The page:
Artist Sculptures and Sculptural Art in Downtown Houston, Texas

Art in Houston


The City of Houston is large and spread out in all directions. As of 2013, it is the 4th largest city in the United States and its growth is only limited by the natural border of the Gulf of Mexico to the southeast. It continues to grow by leaps and bounds to the north, west and southwest and shows no immediate indications of slowing that expansion any time soon.


Art galleries abound and there is art to suit just about anyone's taste and budget.


This hub will feature some of the outdoor art that can be seen in public spaces located in the downtown regions of Houston.


These photos were taken on May 5th, the same day that my husband and I visited the George H.W. Bush Monument in Sesquicentennial Park in downtown Houston. I may add a few more images in the future.

Downtown Houston, Texas Public Art

Against a dramatic backdrop of downtown Houston can be seen a portion of the metal sculptures called 7 Wonders by Mel Chin.
Against a dramatic backdrop of downtown Houston can be seen a portion of the metal sculptures called 7 Wonders by Mel Chin. | Source

Looking up at the towering 7 Wonder sculptures.

Gazing up at the different 7 Wonder sculptures.
Gazing up at the different 7 Wonder sculptures. | Source
Source

Metal Sculptures


One of the largest art installations came into being as Sesquicentennial Park celebrating the 150th birthday of Houston was being created. It is titled the 7 Wonders and it consists of 7 seventy foot tall pillars created by artist Mel Chin who was assisted by many hundreds of Houston school children. Each of the children selected were born in 1986...the Houston Sesquicentennial date...and each child drew art representing one of the major influences making Houston the city it has become.

These drawings represent the following:

  • Philanthropy
  • Medicine
  • Energy
  • Agriculture
  • Manufacturing
  • Technology, and
  • Transportation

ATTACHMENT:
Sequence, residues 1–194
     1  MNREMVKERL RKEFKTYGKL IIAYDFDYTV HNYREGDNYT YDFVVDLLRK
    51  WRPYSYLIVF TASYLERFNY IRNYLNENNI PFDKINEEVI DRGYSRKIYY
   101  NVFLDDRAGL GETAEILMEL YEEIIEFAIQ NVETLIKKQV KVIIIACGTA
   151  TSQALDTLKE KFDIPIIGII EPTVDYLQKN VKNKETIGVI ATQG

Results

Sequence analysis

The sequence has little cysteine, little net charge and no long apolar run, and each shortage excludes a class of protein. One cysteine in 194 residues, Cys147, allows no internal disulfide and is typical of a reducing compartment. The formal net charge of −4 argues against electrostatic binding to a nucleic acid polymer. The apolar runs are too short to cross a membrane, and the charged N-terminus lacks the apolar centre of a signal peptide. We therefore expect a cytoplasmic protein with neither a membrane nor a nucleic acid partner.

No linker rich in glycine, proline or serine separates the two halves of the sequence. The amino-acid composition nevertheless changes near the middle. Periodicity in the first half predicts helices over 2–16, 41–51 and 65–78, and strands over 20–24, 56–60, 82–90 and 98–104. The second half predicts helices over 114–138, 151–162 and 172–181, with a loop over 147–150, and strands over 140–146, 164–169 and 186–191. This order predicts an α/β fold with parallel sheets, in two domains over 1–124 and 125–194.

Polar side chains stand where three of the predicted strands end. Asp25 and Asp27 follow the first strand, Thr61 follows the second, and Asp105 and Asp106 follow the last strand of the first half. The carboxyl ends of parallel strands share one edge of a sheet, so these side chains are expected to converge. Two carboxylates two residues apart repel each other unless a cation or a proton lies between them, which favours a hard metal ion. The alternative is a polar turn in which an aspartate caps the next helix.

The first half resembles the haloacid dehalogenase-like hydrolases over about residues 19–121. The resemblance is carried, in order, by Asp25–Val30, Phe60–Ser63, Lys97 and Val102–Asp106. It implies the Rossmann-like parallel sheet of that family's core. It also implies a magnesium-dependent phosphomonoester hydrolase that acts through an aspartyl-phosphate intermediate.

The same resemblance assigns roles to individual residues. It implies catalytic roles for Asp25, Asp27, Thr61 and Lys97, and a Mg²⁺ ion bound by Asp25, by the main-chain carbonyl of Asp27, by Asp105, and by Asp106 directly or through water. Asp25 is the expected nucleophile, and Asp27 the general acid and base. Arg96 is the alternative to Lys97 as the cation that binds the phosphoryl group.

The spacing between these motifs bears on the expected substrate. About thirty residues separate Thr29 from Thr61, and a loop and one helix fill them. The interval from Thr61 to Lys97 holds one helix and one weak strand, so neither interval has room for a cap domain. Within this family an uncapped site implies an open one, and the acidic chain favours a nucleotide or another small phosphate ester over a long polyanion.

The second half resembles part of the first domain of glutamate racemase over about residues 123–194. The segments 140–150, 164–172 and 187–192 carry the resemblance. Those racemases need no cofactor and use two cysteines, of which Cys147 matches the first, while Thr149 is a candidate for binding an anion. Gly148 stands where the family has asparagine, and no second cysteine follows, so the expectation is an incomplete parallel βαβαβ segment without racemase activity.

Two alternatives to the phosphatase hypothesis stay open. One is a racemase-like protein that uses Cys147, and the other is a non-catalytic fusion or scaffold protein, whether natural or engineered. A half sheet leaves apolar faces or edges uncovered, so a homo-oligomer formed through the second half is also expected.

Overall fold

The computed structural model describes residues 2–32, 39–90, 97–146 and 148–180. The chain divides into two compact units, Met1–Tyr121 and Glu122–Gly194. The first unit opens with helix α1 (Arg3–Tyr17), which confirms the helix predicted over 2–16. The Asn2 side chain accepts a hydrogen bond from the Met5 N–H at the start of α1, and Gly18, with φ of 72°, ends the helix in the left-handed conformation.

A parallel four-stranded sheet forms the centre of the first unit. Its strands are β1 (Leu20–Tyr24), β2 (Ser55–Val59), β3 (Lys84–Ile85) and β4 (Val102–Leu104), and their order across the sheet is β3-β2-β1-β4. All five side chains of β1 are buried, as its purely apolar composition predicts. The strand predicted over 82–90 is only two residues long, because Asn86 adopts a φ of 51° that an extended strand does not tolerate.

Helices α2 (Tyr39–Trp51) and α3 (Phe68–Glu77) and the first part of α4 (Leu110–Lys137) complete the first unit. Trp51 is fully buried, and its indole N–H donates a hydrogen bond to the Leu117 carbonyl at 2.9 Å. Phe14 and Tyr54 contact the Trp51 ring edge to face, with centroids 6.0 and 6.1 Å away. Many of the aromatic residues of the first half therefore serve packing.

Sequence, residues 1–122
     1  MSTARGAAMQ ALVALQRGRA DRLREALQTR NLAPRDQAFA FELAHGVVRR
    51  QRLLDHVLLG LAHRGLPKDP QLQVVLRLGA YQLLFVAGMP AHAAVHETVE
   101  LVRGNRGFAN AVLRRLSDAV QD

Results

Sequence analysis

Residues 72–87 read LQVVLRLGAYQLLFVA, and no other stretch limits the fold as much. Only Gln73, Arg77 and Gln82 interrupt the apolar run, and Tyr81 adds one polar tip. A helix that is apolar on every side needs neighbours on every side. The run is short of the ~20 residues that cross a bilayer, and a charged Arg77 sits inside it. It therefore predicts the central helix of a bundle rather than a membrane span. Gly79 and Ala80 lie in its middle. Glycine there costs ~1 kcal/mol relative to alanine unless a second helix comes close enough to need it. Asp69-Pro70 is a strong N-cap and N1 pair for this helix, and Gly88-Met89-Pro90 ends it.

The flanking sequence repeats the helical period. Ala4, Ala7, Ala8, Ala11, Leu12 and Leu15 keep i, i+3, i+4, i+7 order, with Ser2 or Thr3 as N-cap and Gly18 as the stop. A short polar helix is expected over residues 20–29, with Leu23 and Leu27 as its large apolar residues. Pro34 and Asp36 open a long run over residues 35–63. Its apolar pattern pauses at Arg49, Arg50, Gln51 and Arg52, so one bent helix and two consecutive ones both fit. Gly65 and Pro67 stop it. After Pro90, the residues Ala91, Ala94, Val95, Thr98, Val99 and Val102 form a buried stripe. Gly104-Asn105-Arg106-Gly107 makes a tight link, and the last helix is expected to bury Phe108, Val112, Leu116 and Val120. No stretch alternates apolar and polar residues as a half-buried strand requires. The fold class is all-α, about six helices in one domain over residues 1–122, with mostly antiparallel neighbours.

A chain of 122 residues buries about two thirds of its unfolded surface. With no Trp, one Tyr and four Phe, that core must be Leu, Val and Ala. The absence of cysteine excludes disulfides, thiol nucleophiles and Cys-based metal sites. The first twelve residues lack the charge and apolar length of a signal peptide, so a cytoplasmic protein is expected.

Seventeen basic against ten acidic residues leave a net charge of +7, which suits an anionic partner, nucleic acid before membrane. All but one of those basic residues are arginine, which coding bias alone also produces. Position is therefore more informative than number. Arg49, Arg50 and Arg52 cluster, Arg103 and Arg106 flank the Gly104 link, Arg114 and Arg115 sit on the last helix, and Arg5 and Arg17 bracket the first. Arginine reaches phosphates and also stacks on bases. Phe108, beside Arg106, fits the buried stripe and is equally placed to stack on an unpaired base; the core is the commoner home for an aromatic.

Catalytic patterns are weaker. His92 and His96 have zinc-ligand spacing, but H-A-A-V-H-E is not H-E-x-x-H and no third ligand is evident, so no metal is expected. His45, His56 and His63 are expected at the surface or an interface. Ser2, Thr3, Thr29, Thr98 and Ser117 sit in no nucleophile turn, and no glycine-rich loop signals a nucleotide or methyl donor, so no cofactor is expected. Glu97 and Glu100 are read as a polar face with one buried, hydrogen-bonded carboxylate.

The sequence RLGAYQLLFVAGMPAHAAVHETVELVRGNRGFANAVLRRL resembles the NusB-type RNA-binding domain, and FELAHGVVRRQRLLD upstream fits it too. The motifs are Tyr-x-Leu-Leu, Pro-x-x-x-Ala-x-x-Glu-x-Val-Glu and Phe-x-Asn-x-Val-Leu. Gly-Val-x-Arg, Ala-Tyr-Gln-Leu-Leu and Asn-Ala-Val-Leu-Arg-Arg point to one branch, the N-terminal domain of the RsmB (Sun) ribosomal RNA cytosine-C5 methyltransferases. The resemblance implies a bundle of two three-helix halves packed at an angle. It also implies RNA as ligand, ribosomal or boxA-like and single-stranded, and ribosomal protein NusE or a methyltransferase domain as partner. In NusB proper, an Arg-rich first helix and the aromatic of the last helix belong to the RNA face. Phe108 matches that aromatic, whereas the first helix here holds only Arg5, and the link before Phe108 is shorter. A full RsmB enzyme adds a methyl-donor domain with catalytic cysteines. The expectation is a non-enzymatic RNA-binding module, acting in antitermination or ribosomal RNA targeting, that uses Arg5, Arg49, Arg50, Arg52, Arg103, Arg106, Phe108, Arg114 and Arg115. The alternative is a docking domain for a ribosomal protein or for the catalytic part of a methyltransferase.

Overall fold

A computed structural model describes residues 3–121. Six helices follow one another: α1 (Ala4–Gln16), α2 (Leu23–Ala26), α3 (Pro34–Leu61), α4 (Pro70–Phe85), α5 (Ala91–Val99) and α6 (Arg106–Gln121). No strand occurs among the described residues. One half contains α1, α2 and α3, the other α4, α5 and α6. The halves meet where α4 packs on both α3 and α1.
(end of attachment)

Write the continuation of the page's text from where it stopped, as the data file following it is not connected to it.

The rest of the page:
150 drawings were selected for each pillar and then using computers and laser technology, the children's drawings were transferred to metal panels and assembled onto each appropriate tower mounted on 30 foot brick bases.

They glitter in the daytime catching reflective rays of sunlight and passing clouds and at night they are illuminated from within presenting a dazzling site.

The location is on the backside of the Wortham Center which houses the famous Houston Ballet and Houston Grand Opera. Down below, Buffalo Bayou waters ripple past these abstract sculptures and city buildings.

7 Wonders by Mel Chin

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7 Wonders by Mel Chin is located at the backside of the Wortham Center and along Buffalo Bayou in Sesquicentennial Park7 Wonders by Mel Chin7 Wonders by Mel Chin7 Wonders by Mel Chin
7 Wonders by Mel Chin is located at the backside of the Wortham Center and along Buffalo Bayou in Sesquicentennial Park
7 Wonders by Mel Chin is located at the backside of the Wortham Center and along Buffalo Bayou in Sesquicentennial Park | Source
7 Wonders by Mel Chin
7 Wonders by Mel Chin | Source
7 Wonders by Mel Chin
7 Wonders by Mel Chin | Source
7 Wonders by Mel Chin
7 Wonders by Mel Chin | Source

Mel Chin explaining why he uses children's art in another one of his projects.

Virtuoso Sculpture by David Adickes

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Virtuoso Sculpture by David Adickes, 1983.  Sits in front of the Lyric Center in downtown Houston, TexasVirtuoso Sculpture by David Adickes,View from the back of Virtuoso  Sculpture by David AdickesCloseup view of the base of the back of Virtuoso  Sculpture by David Adickes
Virtuoso Sculpture by David Adickes, 1983.  Sits in front of the Lyric Center in downtown Houston, Texas
Virtuoso Sculpture by David Adickes, 1983. Sits in front of the Lyric Center in downtown Houston, Texas | Source
Virtuoso Sculpture by David Adickes,
Virtuoso Sculpture by David Adickes, | Source
View from the back of Virtuoso  Sculpture by David Adickes
View from the back of Virtuoso Sculpture by David Adickes | Source
Closeup view of the base of the back of Virtuoso  Sculpture by David Adickes